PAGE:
Article #3: Your Garden Needs Insects by Carl C. Webb
The only controlled insect pollinator is the honey bee which is considered to be worth nine times as much for its crop pollination as for the honey and wax it produces.
This is no mean figure when it is not uncommon for a single hive of bees to produce 40 or more pounds of honey in one season.
Many other garden insects are of great benefit because both the quality and yield of many garden and field plants are influenced or dependent on insects for pollination.
My garden produce is grown without the use of any insecticides because I understand that 90% of insects are beneficial while only 10% can cause crop damage. If I spray to kill harmful insects, I am certain to kill the good ones along with them and soon I would have completely upset nature’s delicate balance.
The lady beetle is well-known among gardeners and is a useful insect because of its intense hunger for other insect eggs and their young.
This insect is grown commercially in California and perhaps in other states, and is used on a wide scale by the grapefruit growers of Texas to control aphids on the trees.
Lady beetles vary in size and color.
Another effective predator upon other insects is the lace-wing, whose appetite for eggs and young of other insects makes it very beneficial. It is an attractive insect, light green in color, with a delicate lace design of the wing, which is the basis for its name. Protect these insects.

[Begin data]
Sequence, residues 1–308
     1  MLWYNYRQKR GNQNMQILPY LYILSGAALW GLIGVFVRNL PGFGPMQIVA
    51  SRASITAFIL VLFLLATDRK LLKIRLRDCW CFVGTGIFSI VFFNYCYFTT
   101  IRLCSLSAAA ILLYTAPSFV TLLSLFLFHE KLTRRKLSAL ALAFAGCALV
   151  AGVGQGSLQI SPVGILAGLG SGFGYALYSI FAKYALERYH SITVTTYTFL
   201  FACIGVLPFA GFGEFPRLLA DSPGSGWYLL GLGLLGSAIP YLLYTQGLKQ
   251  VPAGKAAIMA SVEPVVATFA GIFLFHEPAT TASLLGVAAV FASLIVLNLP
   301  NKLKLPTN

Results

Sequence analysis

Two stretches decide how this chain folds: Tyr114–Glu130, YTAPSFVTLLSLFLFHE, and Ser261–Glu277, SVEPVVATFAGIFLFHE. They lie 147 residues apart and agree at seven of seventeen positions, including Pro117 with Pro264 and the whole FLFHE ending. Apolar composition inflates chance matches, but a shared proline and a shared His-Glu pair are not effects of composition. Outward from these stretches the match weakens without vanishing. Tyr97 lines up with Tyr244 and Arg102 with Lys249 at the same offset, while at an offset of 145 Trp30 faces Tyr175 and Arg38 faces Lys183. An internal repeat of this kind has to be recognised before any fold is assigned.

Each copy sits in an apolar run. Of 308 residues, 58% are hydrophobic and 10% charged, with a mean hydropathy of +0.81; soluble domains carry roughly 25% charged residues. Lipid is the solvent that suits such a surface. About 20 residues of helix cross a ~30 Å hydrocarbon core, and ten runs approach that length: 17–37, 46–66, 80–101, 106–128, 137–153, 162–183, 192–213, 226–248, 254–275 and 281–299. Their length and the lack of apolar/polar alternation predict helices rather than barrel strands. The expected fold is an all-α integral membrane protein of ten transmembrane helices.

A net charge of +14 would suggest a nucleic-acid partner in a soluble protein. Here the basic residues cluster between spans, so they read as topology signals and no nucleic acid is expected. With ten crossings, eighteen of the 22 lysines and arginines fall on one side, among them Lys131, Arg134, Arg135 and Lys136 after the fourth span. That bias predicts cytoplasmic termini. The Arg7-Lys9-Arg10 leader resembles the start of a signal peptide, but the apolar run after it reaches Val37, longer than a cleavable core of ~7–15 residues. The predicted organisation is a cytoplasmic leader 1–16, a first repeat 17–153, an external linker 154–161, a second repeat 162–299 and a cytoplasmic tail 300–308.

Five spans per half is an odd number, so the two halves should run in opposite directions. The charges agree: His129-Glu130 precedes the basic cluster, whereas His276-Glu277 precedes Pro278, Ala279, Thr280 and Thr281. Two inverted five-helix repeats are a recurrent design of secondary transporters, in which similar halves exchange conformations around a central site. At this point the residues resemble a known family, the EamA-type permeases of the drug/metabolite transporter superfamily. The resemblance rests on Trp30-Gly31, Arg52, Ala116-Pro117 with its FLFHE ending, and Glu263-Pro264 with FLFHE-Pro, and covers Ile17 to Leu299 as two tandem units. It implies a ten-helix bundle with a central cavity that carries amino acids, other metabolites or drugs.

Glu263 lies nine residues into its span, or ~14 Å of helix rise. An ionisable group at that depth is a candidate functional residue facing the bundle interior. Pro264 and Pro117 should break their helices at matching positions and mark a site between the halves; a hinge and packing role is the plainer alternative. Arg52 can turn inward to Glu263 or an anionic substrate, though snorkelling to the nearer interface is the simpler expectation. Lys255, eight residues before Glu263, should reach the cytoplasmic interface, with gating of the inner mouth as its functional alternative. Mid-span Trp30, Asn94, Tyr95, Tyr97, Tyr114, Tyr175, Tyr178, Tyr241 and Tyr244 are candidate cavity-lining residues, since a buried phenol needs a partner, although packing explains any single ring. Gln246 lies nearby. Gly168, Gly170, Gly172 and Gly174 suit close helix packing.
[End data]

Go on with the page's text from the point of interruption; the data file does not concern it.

The young of the lacewing are so eager to feed on insects and eggs that the mother lays her eggs on a hairlike structure to elevate them so the first ones to hatch will not devour their unhatched brothers and sisters.
The praying mantis and the walking stick are two other helpful insects that deserve protection.
A number of tiny wasps are parasitic on harmful insects. In the North they work on infestations of alfalfa weevil, cereal leaf beetle, and the army worm. One of this type of parasitic insects works on the tomato hookworm. If a large tomato hookworm larva is seen to have a number of white egglike cocoons, do not molest it. Just let it remain so the new parasites can emerge and do good.
Do you see why it is important to be an informed organic gardener?
- 1. The Benefits Of Biological Orcharding
- 2. Establishing An Orchard
- 3. Choosing Trees
- 4. Pollination Of Trees
- 5. Preparing A Site
- 6. Planting Trees
- 7. Mulching
- 8. Orchard Fertility
- 9. Pest And Disease Control
- 10. Pruning
- 11. Thinning Fruit
- 12. A Grove Of Trees To Live In
- 13. Questions & Answers
- Article #1: China Orders Citizens to Plant Trees, Or Else
- Article #2: Tree Culture-The Ecological Way to Restore the Earth
- Article #3: Your Garden Needs Insects By Carl C. Webb
- Article #4: Texas Could Feed Nearly Half the World By T.C.Fry
- Article #5: Fertilization of the Soil By Dr. Herbert M. Shelton
- Article #6: The Green Revolution
- Article #7: A Case for Tree Crop Agriculture By Mark Chass and Don Weaver